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When we got these lovely vegetables from our neighbour friend Peter, who grows all sorts of things in his nearby allotment, I was thinking about making minestrone with pesto – but I just remembered a gorgeous sounding recipe from Starters by Shane Osborn, which is one of my favourite books at the moment. (He is the head chef of Pied a Terre on Charlotte Street in London – I’ve been wanting to try the restaurant but they had a serious fire last year and it’s still closed. It should be open fairy soon though.)
It’s very easy, but you need to make the herb nage a day in advance… it is worth it, though! It’s basically a herby vegetable stock – I didn’t add star anise like the recipe suggested as I didn’t want too much aniseed flavour in there. I thought the fennel and tarragon would give enough aniseed flavour and it was just about right for my taste. You can use any seasonal vegetables for this recipe – for autumn/winter, root vegetables like parsnips or swede would be good. I quite liked the butter and lemon finishing touch too. I’m just happy to have such fresh, flavoursome vegetables, what else would you want? (well, I might actually need a dessert, please…)
BTW, Peter also kindly gave us his 10 year old maple tree for our new garden, it’s about 7 feet high and looks absolutely gorgeous!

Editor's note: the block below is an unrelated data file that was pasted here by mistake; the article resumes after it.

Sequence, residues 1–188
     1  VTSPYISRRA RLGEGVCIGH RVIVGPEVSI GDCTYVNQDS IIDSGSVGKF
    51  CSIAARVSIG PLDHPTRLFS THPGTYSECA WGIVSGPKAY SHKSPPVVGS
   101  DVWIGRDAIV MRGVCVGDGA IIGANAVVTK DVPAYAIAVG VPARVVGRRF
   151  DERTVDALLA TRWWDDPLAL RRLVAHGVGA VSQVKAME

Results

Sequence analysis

3 leeks, white part only
2 fennel bulbs
3 celery sticks
6 tarragon sprigs
6 parsley sprigs
1 tsb coriander seeds
12 black peppercorns
4 star anise
120g podded peas
120g podded broad beans
1 bunch of asparagus (about 12), trimmed
1 bunch of baby carrots (about 12), trimmed and scraped
12 new potatoes, scrubbed
few young celery sticks or baby leeks, trimmed
100g butter, chilled and diced soft
squeeze of lemon juice
chopped parsley or chervil, or celery leaves
Peel roughly chop all the vegetables, place in a large pan and add enough cold water to cover. Add the herbs and spices. Cover the surface with a piece of greaseproof paper and bring to the boil over a medium heat. Reduce the heat and simmer gently for about 20 minutes. Remove from the heat and allow to cool, then cover with cling film and leave to infuse in the fridge overnight.
the next day
Strain the nage through a fine sieve, discarding the vegetables and flavourings. Cover and keep in the fridge until ready to use.
blanching the vegetables
Bring a pan of salted water to the boil and cook the vegetables separately until al dente. Drain and immediately refresh each vegetable in iced water.
When ready to serve, pour 500ml nage into a medium saucepan and bring to the boil. Whisk in the butter, a piece at at time until emulsified. Season with salt and add lemon juice to taste. Add the blanched vegetables and warm through for 3-4 minutes. Serve with a sprinkle of chopped herbs or celery leaves.